Microfinance in Boyle Heights: Lifting Women out of Poverty
September 18, 2013
By Eva Brune
Martha, Clementina, Irene, Delia and Elsa meet weekly in a tiny storefront in Boyle Heights. Each is holding a green booklet with neatly stacked dollars and coins tucked inside. The chatter moves from children getting ready for school to a community get-together scheduled for the next Sunday: “vamos a bailar, no?” The ensuing laughter is set aside momentarily for the business at hand. This is a weekly Center Meeting of Grameen America’s Boyle Heights members.
Grameen America is a nonprofit microfinance organization with locations around the country. Founded, in 2008, by Nobel Peace Prize Laureate Muhammad Yunus, Grameen America is dedicated to helping women who live in poverty build small businesses to create better lives for their families. The organization provides microloans, savings programs, financial education and credit establishment to women who live in poverty in the United States. Grameen America partnered with California Community Foundation (CCF) and CCF donors to bring Grameen America to Los Angeles. The first branch opened in Boyle Heights in January of this year.
Center Manager Natalie is talking to members and recording their repayments in each of the women’s booklets. The women are recipients of microloans, which are between $500 to $1,500, and are to build their small businesses. Clementina sells handbags; Elsa is a leading Herbalife representative while Delia sells cosmetics in her community. “I have small children and if I had to go to work every day, who would watch them? With my business I can be with my children and make some money to help the family,” shared Clementina. For Martha, a popular neighborhood cook specializing in Salvadorian food, her sights are set on opening a storefront. Already on her second loan after fully repaying her first, she is using the capital to buy much needed equipment and raw materials, “I want to open a shop where people can come and buy my prepared food. Nobody has time to cook anymore but everyone loves food from home.”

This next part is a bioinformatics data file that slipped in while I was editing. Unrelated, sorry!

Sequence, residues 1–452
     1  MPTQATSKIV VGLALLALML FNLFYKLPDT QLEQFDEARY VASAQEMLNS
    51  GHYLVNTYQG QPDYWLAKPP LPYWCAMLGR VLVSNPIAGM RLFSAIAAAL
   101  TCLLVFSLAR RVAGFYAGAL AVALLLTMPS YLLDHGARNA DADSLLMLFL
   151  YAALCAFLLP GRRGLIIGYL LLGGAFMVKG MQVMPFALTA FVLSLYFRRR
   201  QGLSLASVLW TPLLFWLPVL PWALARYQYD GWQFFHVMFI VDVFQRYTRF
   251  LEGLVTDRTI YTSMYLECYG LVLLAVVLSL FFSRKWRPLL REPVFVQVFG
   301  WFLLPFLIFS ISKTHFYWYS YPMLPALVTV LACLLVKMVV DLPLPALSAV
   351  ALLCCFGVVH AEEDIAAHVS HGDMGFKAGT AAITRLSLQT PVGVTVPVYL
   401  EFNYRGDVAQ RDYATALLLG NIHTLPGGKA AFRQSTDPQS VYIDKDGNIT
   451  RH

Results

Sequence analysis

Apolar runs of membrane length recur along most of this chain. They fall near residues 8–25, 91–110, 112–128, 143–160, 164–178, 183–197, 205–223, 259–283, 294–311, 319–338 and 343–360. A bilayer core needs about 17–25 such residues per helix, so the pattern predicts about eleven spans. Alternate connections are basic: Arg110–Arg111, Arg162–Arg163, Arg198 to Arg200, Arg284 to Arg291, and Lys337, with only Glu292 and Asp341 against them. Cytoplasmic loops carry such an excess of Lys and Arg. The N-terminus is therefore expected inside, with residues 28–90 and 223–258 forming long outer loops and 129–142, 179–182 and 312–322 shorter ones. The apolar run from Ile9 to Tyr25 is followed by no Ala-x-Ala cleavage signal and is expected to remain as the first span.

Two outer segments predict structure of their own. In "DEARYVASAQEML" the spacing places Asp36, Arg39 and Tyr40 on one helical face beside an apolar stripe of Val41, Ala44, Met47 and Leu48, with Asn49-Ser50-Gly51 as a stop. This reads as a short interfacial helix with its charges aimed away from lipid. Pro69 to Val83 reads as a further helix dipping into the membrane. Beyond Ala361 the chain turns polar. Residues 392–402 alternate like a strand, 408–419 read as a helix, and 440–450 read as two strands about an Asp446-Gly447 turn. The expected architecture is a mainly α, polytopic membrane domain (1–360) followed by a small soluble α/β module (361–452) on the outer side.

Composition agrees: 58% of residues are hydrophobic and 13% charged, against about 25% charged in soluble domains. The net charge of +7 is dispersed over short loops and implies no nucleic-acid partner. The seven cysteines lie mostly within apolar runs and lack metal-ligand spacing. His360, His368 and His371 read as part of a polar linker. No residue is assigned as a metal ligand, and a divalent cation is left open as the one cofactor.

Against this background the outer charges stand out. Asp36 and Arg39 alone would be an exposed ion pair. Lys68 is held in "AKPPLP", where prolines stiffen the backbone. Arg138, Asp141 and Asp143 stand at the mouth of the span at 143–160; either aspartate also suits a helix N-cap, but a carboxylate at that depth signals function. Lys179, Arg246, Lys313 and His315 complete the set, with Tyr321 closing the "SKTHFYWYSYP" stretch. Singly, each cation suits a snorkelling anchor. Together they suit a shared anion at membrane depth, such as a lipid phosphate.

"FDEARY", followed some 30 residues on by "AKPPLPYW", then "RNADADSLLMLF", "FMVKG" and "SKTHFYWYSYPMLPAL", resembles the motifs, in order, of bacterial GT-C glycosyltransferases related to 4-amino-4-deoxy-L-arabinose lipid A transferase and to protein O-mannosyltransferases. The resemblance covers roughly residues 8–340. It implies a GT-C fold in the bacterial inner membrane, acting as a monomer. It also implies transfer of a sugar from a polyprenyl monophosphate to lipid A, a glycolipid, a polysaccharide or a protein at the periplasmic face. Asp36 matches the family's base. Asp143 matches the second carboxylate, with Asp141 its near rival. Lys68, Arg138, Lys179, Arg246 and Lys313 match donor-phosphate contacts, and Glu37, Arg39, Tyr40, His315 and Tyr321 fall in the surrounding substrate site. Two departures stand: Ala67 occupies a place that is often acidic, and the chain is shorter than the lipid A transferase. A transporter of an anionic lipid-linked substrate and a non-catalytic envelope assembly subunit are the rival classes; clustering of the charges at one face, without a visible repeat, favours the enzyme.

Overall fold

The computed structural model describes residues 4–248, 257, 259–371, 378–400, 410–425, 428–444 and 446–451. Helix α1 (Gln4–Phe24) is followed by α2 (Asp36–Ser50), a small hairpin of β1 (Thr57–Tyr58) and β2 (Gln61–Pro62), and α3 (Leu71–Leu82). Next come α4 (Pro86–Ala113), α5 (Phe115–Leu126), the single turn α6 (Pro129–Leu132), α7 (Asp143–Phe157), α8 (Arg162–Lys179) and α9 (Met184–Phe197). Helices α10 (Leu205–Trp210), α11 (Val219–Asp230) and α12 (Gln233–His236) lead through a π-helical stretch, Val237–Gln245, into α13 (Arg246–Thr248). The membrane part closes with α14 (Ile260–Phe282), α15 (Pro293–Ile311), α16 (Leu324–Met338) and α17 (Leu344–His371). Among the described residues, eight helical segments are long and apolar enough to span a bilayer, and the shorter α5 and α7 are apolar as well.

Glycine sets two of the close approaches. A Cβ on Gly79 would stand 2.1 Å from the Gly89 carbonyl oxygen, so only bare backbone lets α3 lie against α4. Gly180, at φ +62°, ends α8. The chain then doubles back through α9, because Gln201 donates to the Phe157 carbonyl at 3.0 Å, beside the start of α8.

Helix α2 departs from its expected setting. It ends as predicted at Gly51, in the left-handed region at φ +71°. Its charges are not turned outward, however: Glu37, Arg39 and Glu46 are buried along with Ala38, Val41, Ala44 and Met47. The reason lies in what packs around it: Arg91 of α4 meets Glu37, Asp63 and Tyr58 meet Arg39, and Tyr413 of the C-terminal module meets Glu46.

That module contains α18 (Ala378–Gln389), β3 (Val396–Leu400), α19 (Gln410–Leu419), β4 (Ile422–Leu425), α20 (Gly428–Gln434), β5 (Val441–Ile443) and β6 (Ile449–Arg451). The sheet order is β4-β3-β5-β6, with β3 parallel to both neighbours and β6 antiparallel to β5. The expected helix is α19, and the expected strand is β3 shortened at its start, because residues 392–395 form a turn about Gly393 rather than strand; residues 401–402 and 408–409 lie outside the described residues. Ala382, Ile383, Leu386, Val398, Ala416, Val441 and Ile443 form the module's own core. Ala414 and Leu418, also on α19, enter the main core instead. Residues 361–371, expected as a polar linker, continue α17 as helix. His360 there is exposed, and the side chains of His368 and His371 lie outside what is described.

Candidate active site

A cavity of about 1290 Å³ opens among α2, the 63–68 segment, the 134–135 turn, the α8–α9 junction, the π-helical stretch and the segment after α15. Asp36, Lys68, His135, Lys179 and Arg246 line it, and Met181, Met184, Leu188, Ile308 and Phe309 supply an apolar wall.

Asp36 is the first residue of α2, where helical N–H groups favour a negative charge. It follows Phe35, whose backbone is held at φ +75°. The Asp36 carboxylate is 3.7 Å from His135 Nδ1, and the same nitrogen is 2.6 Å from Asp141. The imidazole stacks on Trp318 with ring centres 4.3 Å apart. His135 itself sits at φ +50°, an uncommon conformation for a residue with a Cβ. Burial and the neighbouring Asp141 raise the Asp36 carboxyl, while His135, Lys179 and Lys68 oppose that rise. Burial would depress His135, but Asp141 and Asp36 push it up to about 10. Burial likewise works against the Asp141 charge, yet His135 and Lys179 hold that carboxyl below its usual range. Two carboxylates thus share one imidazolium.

The Grameen America model is simple: provide microloans and financial services to low-income women to start or expand their business so that they can lift themselves and their families out of poverty. Borrowers are recruited in the community and form groups of five; the strong bonds that exist among the women ensure full participation and create a unique support system that every aspiring entrepreneur needs. The women repay the loan over a six-month period and build savings in a partner commercial bank. Grameen America’s loan repayment rate is a staggering 98%. With established credit and the confidence that comes from managing a small business and earning income, these women are nothing short of ebullient.
Center Manager Natalie, a native of Boyle Heights, encourages the group to bring their children, friends and favorite dishes to the
upcoming party. “It was slow to start, I had to convince the women that we weren’t like the neighborhood money lenders, we were only here for their benefit . Now it is getting easier because the women see their friends are happy and successful so they want to be a part of that. Grameen America is changing these women and the community,” said Natalie.
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